If you want to sue your health insurance company in federal court because they denied your claim or they're not paying your medical bills in a timely fashion, chances are you can't. But some Democrats want to change that.
Many of the major health insurance companies have what are called mandatory arbitration clauses in their contracts, which require patients to settle disputes using a private dispute resolution method called arbitration. These clauses also typically block consumers from joining class action suits.
Consumer advocates argue that arbitration is far less transparent than the federal court system and denies consumers the opportunity for a trial by a jury of their peers. The outcome of these cases is rarely public and there are typically fewer options to appeal.
Rep. Katie Porter, D-Calif., introduced a new bill on Thursday, Justice for Patients Act, that would block health insurance companies from including provisions in group health plans or individual coverage agreements that force them to arbitrate disputes. Instead, patients would be able to bring lawsuits against health insurance companies and join class-action lawsuits, as well as go through arbitration, if they chose.
"Right now, health insurance giants are using mandatory arbitration to escape accountability when they cheat patients and deny them coverage of the care the law requires," Porter said in a statement. "When families don't have access to the justice system, it's the corporate special interests that win."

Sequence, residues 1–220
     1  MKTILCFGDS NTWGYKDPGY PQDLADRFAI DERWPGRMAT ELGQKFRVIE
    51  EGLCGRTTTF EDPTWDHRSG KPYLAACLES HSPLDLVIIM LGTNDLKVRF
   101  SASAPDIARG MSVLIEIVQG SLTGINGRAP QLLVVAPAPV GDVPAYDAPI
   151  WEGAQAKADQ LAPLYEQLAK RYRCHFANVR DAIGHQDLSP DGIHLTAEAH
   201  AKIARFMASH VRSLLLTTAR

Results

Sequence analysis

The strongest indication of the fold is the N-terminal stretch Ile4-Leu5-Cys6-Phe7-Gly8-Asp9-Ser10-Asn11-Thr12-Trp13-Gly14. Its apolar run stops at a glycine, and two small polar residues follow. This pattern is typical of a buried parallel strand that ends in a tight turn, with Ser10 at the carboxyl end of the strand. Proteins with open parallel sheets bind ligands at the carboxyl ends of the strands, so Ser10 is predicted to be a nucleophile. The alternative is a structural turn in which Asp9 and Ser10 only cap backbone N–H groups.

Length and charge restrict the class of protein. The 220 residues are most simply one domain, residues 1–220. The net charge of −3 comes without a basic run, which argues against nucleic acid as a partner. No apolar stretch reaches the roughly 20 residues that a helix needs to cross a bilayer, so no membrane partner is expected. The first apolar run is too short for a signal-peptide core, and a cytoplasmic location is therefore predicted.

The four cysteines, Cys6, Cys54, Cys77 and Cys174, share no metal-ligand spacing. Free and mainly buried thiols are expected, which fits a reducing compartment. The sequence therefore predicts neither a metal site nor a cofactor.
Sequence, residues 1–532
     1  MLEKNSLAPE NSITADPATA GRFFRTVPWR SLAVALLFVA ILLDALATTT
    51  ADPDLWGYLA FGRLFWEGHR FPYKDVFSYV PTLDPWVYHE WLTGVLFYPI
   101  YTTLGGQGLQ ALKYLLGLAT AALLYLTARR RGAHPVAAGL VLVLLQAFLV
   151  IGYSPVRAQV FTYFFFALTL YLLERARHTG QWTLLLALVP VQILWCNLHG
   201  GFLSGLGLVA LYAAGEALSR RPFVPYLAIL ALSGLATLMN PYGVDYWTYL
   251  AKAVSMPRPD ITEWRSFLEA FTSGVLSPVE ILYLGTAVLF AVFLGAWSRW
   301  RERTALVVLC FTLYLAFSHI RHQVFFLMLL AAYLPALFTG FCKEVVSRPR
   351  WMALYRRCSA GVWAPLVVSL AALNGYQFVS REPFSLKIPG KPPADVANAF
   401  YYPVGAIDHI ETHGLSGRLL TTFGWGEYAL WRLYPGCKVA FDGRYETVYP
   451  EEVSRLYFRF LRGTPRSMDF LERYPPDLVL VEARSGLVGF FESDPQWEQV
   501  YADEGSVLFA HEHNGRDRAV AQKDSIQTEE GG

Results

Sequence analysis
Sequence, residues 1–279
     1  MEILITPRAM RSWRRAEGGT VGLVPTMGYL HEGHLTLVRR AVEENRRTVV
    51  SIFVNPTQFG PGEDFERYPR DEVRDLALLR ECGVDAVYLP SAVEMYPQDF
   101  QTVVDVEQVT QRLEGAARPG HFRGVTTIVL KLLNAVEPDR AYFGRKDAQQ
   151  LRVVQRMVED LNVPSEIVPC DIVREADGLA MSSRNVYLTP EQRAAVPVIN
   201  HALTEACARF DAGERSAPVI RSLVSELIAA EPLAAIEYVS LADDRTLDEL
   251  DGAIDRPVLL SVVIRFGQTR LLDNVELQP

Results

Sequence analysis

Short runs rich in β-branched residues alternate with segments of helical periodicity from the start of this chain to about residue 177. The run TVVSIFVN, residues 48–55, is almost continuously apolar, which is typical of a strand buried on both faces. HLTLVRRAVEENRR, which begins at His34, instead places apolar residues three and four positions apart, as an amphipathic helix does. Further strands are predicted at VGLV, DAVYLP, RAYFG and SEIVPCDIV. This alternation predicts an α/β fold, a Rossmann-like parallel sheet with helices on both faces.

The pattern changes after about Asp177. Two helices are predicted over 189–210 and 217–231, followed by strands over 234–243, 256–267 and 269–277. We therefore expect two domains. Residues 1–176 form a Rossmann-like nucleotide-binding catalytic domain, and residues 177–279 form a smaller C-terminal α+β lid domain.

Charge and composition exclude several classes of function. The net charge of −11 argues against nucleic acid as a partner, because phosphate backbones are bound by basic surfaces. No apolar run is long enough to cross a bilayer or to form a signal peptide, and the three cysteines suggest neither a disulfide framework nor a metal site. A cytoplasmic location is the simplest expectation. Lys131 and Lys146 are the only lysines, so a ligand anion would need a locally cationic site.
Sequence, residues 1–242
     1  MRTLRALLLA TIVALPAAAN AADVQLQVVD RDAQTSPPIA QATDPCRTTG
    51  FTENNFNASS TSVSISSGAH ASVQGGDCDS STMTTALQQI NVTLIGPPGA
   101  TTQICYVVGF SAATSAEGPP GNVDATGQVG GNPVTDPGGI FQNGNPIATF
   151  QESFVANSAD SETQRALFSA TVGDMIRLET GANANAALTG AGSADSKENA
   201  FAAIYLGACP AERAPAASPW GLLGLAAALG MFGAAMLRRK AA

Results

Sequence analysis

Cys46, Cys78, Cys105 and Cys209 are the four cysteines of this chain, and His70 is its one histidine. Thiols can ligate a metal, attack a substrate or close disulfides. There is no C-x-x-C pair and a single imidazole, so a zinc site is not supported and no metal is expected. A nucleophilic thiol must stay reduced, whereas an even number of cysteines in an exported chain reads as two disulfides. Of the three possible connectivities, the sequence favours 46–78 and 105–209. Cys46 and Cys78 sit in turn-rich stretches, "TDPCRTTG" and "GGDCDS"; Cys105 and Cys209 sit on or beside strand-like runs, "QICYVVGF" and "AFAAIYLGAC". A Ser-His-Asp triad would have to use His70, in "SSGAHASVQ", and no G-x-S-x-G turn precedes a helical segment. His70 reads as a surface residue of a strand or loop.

Companies typically contend they use arbitration because it saves everyone involved time and money. But whether consumers actually fare better is disputed. The Economic Policy Institute found that consumers only won monetary relief in 9% of the arbitration cases it studied.
Arbitration agreements are widespread. A 2019 academic study found that 81 of the biggest 100 companies in the U.S. have put legal clauses in the fine print of their customer agreements that bar consumers from suing them in federal court.
More than half, or about 60 million American workers, were required to use arbitration to settle disputes as of 2017, including when fighting against serious claims such as discrimination, civil rights violations and sexual harassment, EPI found. If nothing changes, the nonprofit predicts about 80% of workers will be covered by arbitration agreements by 2024.
Yet Porter's bill would only provide protection against health insurers. More comprehensive legislation, the Forced Arbitration Injustice Repeal Act, or FAIR Act, was passed by the House of Representatives passed in September 2019, but the legislation never got a vote in the Senate.
The FAIR Act would eliminate companies' ability to use forced arbitration clauses in any employment, consumer or civil rights cases, and would allow Americans to fight their lawsuits in federal court. If consumers and employees did want to use arbitration, they still could, but it would be a voluntary process, as opposed to their only option.
Rep. Hank Johnson, D-Ga., re-introduced the legislation in February. It has been referred to the Subcommittee on Antitrust, Commercial, and Administrative Law. Currently, the bill has only an 8% chance of being enacted, according to Skopos Labs.